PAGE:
straight men peak on dating apps at 50, while women peak at 18
This is brand new information!!!
Still from Lolita.
You would think that the advent of dating apps -- So modern! So new! So egalitarian! -- would have changed something in modern dating. You would hope it would have levelled the playing field, undone years of sexist stereotypes, addressed the unfair precedent in heterosexual relationships which prioritises extreme female youth and inexperience to a problematic degree. But, my friends! It hasn't! Officially!
In fact, it’s worse than ever. When it comes to straight dating at least, men’s popularity on dating apps peaks at 50, while women experience the same popularity peak at just 18, according to a new report from The New York Times. Researchers tracked 200,000 users on an anonymous, popular dating app for a month and tracked the amount of messages they received, using this data to determine when the peaks of sexual desirability hit. For women, it was when they were barely out of childhood -- the study found that the peak of their sexual desirability came at 18 and “falls from there”. Buzzing, gals.
“The age gradient for women definitely surprised us”, says study author Elizabeth Bruch from the University of Michigan, who has clearly never plunged the depths of south London Tinder on a Sunday night. “Both in terms of the fact that it steadily declined from the time women were 18 to the time they were 65, and also how steep it was.”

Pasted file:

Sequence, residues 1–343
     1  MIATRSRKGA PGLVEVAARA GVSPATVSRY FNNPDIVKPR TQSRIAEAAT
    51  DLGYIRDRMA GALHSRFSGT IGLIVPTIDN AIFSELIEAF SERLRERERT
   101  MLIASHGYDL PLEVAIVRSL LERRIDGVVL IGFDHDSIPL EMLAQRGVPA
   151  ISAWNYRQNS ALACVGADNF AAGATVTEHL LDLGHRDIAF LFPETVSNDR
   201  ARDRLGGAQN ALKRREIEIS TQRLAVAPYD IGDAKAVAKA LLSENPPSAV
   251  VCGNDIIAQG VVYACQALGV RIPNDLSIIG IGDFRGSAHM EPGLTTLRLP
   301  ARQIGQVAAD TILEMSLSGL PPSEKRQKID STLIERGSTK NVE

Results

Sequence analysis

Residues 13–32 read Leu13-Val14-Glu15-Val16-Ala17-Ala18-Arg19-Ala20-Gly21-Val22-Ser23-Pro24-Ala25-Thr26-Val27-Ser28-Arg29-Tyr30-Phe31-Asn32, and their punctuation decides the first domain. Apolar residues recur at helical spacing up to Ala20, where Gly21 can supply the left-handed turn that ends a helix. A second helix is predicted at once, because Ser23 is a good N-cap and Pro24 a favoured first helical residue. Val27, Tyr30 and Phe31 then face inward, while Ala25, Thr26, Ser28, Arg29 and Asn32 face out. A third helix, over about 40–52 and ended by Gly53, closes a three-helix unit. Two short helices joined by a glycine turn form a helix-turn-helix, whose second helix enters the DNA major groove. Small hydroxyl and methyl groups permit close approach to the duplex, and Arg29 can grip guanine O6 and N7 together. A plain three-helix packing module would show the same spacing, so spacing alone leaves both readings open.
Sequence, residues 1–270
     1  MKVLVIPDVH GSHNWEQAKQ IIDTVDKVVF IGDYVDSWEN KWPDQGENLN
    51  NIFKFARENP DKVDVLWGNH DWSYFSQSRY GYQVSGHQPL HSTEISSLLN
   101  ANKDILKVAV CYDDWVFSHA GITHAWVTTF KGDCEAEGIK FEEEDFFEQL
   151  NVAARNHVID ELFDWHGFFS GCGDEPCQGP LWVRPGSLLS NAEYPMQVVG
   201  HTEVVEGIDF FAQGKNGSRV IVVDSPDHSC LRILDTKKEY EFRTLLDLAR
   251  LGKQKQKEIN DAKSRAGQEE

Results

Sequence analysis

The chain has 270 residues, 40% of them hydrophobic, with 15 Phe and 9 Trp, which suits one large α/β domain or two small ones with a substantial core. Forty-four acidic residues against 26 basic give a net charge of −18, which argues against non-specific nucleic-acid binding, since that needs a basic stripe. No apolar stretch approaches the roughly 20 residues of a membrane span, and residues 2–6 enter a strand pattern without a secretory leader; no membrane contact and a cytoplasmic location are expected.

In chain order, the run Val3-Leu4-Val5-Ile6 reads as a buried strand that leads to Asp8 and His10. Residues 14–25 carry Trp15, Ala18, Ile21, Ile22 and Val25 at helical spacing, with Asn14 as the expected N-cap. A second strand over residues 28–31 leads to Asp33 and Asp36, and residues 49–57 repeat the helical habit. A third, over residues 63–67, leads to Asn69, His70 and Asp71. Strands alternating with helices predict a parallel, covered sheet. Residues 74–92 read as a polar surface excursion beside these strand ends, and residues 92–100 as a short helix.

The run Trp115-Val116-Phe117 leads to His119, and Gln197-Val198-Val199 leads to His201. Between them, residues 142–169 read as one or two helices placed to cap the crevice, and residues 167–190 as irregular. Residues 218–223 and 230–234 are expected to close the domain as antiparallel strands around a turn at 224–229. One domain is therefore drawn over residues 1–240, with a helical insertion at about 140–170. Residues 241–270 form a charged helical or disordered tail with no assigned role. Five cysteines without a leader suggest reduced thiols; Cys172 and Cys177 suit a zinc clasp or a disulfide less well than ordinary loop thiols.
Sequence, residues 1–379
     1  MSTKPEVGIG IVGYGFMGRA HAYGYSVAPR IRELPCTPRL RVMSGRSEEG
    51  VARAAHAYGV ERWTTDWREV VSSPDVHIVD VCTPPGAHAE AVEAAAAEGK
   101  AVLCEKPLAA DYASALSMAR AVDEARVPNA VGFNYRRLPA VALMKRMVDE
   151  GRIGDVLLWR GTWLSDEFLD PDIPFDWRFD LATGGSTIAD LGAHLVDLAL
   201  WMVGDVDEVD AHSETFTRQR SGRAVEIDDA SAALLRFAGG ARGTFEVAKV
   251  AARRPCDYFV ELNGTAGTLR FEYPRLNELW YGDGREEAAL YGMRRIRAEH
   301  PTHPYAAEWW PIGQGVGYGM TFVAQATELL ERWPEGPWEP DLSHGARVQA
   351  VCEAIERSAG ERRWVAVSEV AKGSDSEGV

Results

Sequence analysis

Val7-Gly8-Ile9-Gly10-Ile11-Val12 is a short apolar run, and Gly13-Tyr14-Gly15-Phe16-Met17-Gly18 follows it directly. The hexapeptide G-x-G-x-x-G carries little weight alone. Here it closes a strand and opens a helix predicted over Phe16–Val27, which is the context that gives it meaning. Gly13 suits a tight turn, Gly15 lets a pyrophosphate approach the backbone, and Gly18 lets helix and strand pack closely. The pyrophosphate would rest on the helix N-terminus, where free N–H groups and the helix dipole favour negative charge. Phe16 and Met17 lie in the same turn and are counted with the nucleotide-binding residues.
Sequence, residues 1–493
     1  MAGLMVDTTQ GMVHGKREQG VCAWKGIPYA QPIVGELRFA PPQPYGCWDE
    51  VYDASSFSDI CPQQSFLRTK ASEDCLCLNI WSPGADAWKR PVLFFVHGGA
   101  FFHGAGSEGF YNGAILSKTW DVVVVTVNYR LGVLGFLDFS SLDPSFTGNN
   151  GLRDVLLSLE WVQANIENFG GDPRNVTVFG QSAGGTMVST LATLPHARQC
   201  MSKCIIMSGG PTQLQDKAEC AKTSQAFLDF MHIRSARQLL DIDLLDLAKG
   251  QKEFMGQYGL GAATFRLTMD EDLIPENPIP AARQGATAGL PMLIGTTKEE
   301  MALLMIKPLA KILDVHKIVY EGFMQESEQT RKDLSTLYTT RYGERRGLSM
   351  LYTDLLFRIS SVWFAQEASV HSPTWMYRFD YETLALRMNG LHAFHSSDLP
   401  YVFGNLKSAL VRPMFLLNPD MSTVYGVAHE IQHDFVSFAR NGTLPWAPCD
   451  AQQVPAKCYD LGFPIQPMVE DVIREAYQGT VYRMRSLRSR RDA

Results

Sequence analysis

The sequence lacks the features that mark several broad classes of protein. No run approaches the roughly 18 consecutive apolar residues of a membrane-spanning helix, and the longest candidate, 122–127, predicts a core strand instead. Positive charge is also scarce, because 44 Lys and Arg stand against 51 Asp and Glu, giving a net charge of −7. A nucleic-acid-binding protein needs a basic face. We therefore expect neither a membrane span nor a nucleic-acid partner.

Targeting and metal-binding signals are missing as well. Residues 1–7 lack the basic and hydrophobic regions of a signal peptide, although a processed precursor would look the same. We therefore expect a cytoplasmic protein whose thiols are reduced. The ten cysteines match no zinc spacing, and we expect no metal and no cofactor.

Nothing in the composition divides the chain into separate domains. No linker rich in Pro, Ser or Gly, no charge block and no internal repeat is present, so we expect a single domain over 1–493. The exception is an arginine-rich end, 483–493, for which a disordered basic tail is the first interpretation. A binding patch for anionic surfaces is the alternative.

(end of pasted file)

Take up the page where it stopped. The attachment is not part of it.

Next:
The study attributed the steep decline in the attractiveness of adult women down to a persisting ‘caveman mentality’ on dating apps, wherein extreme youth suggests fertility, and in turn attractiveness. But whether it has evolutionary backing or not, the findings are depressing to say the least. Especially when coupled with the finding that straight men on Tinder, Bumble and the like are less interested in highly-educated women. The study found that anything more than an undergraduate degree made women "less attractive" to straight men on the apps, while for well-educated men, the inverse was in fact true.
It’s true that, slowly but surely, the companies behind our most popular dating apps are adjusting to a changing world and a new, modern way of finding love. In 2016, Tinder finally aligned itself with a generation that increasingly lives outside of traditional, binary gender norms, adding 37 new gender identity options to the app, while Grindr have planned an upcoming rebrand to Kindr in an attempt to tackle discrimination on the app, especially against queer POC. But clearly heterosexual dating has a long way to go before the people using these apps drag themselves out of the 1950s.
Love to be a woman online!